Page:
The new warehouses are said to not have even the basics: water, electricity and proper toilet facilities. Having decided the transfer of the refugees into safer places, it seems that Greek authorities have not taken enough care to secure decent living conditions. There was no program to have everything in place before their transfer, nor after it.  This shows the lack of capacity that Greek authorities have in dealing alone with this complex issue and the urgency of the need for help from international and European side.

During last six years Greece has had to confront so many internal problems – after the country’s economic wreck and the daily protests against the implementation of austerity measures. Poverty levels have reached a peak and thousands of Greeks are relying on government help in order to have something to eat every day. In that sense it is understandable why a small number of Greeks is fed up with the claims for refugee support, since thousands of natives do not have financial aid and end up homeless in the streets. Fortunately, the largest part of the population show understanding and try to help the refugees by providing food and clothes and in some cases even their houses to sleep. Also, there are other camps in Greece’s mainland which offer ever childcare and WiFi in order to cover the refugees’ needs. The Greek society has shown its willingness to help regardless of its grim situation.

It is not the first time in its approximately 185 years of state history that Greece has to face a refugee crisis and confront urgent settlement needs. In 1922 Greece had to accept and settle almost 1.5 million refugees from Asia Minor after a traumatic war.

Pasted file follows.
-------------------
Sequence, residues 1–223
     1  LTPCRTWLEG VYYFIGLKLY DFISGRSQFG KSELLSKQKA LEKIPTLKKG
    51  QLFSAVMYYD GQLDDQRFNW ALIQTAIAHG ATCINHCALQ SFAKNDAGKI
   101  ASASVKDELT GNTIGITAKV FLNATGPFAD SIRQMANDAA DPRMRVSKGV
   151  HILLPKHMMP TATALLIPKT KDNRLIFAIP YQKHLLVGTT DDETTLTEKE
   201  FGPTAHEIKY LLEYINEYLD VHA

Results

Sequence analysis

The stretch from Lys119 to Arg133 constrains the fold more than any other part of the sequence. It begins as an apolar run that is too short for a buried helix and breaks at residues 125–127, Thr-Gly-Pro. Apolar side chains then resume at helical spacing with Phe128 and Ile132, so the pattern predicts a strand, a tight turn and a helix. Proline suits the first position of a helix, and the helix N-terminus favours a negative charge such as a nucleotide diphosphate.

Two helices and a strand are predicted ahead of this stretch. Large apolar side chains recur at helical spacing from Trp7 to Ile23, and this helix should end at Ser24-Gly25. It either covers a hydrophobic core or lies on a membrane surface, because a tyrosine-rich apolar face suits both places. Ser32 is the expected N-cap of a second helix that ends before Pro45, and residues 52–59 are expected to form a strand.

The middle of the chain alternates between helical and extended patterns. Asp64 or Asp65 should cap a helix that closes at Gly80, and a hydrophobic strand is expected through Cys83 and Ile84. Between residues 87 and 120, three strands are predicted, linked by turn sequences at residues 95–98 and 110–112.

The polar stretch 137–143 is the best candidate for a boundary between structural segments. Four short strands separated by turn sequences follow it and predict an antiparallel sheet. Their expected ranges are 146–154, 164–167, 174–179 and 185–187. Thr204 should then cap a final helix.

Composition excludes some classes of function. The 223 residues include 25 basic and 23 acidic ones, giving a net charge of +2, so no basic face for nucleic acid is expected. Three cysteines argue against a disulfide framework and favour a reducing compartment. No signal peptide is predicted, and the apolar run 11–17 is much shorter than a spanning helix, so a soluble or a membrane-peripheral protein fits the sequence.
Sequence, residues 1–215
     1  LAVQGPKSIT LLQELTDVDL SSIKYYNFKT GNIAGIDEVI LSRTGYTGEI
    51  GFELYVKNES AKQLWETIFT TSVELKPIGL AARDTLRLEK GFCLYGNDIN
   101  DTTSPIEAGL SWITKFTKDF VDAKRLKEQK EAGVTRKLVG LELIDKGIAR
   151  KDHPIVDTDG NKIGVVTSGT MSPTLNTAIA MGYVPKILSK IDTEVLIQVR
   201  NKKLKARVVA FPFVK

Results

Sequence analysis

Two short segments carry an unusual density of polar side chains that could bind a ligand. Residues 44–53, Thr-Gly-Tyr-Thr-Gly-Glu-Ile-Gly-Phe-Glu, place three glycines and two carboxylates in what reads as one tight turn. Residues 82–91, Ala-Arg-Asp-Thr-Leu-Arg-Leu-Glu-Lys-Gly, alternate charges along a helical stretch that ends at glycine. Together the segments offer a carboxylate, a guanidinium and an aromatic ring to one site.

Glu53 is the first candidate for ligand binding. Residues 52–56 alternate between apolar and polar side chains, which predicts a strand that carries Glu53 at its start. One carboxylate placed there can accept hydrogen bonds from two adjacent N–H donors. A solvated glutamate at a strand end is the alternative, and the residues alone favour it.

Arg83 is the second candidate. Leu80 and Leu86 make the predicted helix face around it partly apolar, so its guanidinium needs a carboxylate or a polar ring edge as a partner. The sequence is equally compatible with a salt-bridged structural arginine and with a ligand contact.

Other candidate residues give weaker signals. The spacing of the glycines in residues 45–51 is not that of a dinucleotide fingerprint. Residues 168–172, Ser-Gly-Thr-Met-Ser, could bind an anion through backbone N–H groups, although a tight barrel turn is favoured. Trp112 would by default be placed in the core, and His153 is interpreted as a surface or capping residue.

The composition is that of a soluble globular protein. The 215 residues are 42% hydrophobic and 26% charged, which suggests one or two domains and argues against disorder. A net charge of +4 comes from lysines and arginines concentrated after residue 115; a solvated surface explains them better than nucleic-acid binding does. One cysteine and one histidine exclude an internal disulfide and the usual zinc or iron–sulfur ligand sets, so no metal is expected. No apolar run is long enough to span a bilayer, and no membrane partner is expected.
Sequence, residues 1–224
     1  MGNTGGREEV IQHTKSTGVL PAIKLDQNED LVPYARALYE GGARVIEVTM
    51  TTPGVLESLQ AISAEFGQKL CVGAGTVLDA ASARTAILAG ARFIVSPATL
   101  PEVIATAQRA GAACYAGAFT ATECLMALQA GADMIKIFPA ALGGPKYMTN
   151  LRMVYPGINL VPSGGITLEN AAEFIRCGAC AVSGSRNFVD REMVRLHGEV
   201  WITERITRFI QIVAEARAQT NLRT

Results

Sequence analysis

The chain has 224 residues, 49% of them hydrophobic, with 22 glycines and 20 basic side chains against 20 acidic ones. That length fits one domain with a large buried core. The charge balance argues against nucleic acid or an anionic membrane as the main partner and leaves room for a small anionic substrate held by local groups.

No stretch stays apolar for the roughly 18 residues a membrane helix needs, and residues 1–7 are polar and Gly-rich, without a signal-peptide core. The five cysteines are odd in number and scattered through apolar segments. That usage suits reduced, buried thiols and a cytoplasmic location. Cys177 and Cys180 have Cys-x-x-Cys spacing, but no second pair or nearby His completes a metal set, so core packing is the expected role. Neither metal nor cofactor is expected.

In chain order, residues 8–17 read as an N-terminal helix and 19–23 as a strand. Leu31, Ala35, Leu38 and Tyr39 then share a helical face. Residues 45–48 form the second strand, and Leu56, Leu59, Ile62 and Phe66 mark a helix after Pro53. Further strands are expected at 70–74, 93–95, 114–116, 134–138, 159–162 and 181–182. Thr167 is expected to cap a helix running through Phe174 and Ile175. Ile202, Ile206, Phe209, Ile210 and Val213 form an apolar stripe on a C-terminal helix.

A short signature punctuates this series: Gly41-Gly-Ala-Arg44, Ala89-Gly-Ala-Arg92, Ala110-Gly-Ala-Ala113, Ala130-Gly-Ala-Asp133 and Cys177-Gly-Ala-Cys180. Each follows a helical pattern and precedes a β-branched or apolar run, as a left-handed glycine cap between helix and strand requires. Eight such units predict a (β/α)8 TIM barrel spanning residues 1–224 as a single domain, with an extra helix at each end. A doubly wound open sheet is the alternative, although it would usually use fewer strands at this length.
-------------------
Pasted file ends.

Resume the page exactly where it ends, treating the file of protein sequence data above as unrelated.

Refugees from Asia Minor in Greece, 1920s

Considering that the native population at this period was slightly over 5.5 million, the number of refugees to be settled was more than excessive for a small and weak nation to handle. The good will of the natives played an important role at this time too. The Greek state after huge efforts of internal lending, sought help from the newly established “League of Nations” – United Nations today. European countries were observing this humanitarian crisis by expressing their sympathy. Surprisingly, as humanitarian crisis policies barely existed in the early 20th century, League of Nations supported Greece to issue an international settlement loan of 12,5 million sterling with 7% interest rate, as a way to solve the refugee problem.

Like now, Greece then had no choice. The similarities with the current affairs and especially with the “observing” policy that many European countries continue to follow are many. Most significantly, Greece’s economic situation in both cases is powerless but it has to cope with all the social and economic conditions in order to support the people in need. In all respects, history is replaying…

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Maria Rizou
Maria Rizou is a third year Ph.D. student in Economic and Social History at King’s College London. Her research interests are in the broad area of refugee flows in 20th and 21st century. In her PhD research she focuses on migration policy as shaped by the United Nations, the European governments as well as the financial system. She does research in the archives of the Bank of England, Hambros Bank, National Bank of Greece, Bank of Greece and European Union, analyzing economic, political and diplomatic documents of the 20th century.